Week of June 28

How to Build a Lasting Legacy

Read: Jonah 1-4; 2 Timothy 2

“. . .But the word of God is not bound!”
2 Timothy 2:9b, ESV


The word “legacy” rises to the surface of discussions in politics, business, and even in families because people are concerned with leaving something beneficial behind when they pass off the scene. Such a heritage is meant to guide future generations in their decisions for the good. Paul makes an interesting “legacy” statement to Timothy in this power-packed section of his letter. Let’s examine it today and see how it applies to our lives.

A Biblical Lens

A Bible commentator on this passage writes an eye-opening statement: “God buries His workers but continues His work” (Lock as quoted in NAC, 207). Well, that seems blunt, doesn’t it? He writes the truth because physical life on earth ends for all of us. Consider our focal passage today in 2 Timothy. Paul, the great missionary church planter and New Testament writer, passed off the scene. Boom! Place a period at the end of his “life’s sentence.” He tells Timothy, remember the living Jesus and the gospel because I will soon be deceased (2:8).

So, what is the point? Paul walks Timothy through the essence of his life and ministry. He tells him to remember “the gift of God.” Paul instructed his mentee to rekindle the fire of faith that had been embedded in his life. He wanted him to continue to make use of the spiritual gifts that had been given to him (1:6). He also reminds him to remain true to what he had been taught. In light of the spreading heresies around him in Ephesus, Timothy was challenged to call to mind the pure gospel that he had been taught. This was not a challenge to review his seminary lecture notes regularly, so to speak, but to live and abide in what he had learned (3:14-15). Do you see what I see? He does not leave the young man with instructions in securing the memory of Paul; instead, the clear message about Jesus!

The way to stay alive and growing is to pour one’s soul into the truths of the gospel. First, the resurrected and living Christ is to nourish one’s life (2:8a). He uses a Greek perfect tense here to mean that Jesus was raised from the dead and will continue to be so throughout eternity. Secondly, Jesus had the right legacy, so we are to cleave to the Messiah whose throne is eternal (2:8). Look, we are witnessing a massive social movement across America to tear down memorials that have questionable origins and have outlived their usefulness. Paul bluntly tells the young leader, “Son, do not build a memorial to me. Hitch your life to the living Jesus!”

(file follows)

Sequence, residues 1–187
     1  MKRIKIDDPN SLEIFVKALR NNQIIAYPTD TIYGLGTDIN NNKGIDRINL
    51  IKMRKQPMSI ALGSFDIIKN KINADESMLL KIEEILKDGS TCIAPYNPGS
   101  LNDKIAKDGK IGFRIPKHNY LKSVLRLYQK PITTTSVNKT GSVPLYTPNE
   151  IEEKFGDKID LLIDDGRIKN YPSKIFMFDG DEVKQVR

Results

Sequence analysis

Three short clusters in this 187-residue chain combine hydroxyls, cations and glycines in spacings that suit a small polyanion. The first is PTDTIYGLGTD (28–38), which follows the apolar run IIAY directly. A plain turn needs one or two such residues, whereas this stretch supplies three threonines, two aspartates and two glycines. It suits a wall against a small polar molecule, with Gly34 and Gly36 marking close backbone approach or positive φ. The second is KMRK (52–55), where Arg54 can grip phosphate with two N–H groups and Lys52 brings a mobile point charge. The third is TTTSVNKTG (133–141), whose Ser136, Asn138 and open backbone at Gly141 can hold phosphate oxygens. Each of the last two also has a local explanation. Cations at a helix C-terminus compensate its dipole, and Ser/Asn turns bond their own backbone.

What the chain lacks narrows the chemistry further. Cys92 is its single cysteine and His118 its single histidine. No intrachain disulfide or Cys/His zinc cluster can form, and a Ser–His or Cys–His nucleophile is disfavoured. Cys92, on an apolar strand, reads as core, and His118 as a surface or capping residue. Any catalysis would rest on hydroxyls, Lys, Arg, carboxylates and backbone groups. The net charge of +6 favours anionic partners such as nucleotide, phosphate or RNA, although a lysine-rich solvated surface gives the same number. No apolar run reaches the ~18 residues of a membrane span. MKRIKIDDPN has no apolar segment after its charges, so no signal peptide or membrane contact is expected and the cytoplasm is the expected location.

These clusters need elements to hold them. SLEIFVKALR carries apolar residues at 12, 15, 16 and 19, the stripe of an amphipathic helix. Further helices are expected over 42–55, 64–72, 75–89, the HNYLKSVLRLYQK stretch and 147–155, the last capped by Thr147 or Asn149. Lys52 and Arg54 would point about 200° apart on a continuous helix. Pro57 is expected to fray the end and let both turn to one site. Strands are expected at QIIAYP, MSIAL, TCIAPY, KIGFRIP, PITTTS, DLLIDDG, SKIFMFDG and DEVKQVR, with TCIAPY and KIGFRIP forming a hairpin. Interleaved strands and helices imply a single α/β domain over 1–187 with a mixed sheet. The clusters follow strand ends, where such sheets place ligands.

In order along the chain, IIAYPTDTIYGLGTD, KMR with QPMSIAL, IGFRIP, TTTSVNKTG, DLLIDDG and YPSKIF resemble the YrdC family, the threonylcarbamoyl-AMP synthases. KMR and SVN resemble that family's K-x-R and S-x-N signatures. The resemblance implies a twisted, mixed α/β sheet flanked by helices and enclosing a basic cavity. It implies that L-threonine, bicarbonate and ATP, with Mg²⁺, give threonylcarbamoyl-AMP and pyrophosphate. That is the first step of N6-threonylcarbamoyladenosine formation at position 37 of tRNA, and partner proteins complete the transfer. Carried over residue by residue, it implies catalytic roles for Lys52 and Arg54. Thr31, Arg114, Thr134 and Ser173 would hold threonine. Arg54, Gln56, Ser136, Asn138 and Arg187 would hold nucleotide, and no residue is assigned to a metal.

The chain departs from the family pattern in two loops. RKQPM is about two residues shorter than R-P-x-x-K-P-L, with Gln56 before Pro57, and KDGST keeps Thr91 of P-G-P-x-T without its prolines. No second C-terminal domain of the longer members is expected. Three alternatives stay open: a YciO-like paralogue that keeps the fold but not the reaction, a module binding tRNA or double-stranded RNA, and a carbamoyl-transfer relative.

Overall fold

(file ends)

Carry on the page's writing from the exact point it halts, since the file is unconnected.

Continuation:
Paul wanted the young man to know what each of us must accept. Honor the right person! Paul was in chains for the gospel. It appears that his imprisonment had worsened and that his future on earth was growing short. He wanted to make sure that all interpreted his life properly. He made certain that people did not admire his perseverance but were inspired to pursue Christ. Paul bore the physical hardship and suffering in order that others may not have to bear it (cf. Colossians 1:6; 4:8-15; NAC). This approach to life holds lasting moral significance. Are you with me? Good!

A Moral Pathway

I have lived long enough in life to witness a change in the generations from “The Great Generation” of visionaries and builders. The change in their seasons of service came gradually, due, in part, to the increased lifespan of these wonderful leaders and their longevity in places of service. I recall hearing one of these great leaders, who had retired, express his sadness that a building that had been acquired through great sacrifice was being sold.

Times had changed. His words stuck with me because he taught me a legacy lesson. He helped me to understand that such grief was not wasted but was healthy. I took time to consider the ministry impact of his life and the abundance of good that had taken place inside those walls. I thanked God for both. This point is where his true and lasting legacy continues; the one that we should emulate.

He was asked in an interview some time later what he considered to be the most joyful aspect of his many years in ministry. He replied, “My favorite and most joyful aspect has been to see persons saved from living death to abundant life through faith in Christ and the positive impact this has on families and society in general.” Ah. No mention of a building! Why? He was building upon the foundation of the living Christ and not on a concrete slab. He understands his place in God’s gospel ministry. His testimony and our passage today raise to our view a critical moral question: What good have we been left, and to what end will we apply it?

For Your Journaling

1. No matter your present age, pause to write down your legacy to this point. If your life on this earth were to end today, for what would you be remembered?

2. In light of today’s passage, write down the changes you choose to make in order to leave behind a “living gospel legacy.”

May all your paths be straight,
Larry C. Ashlock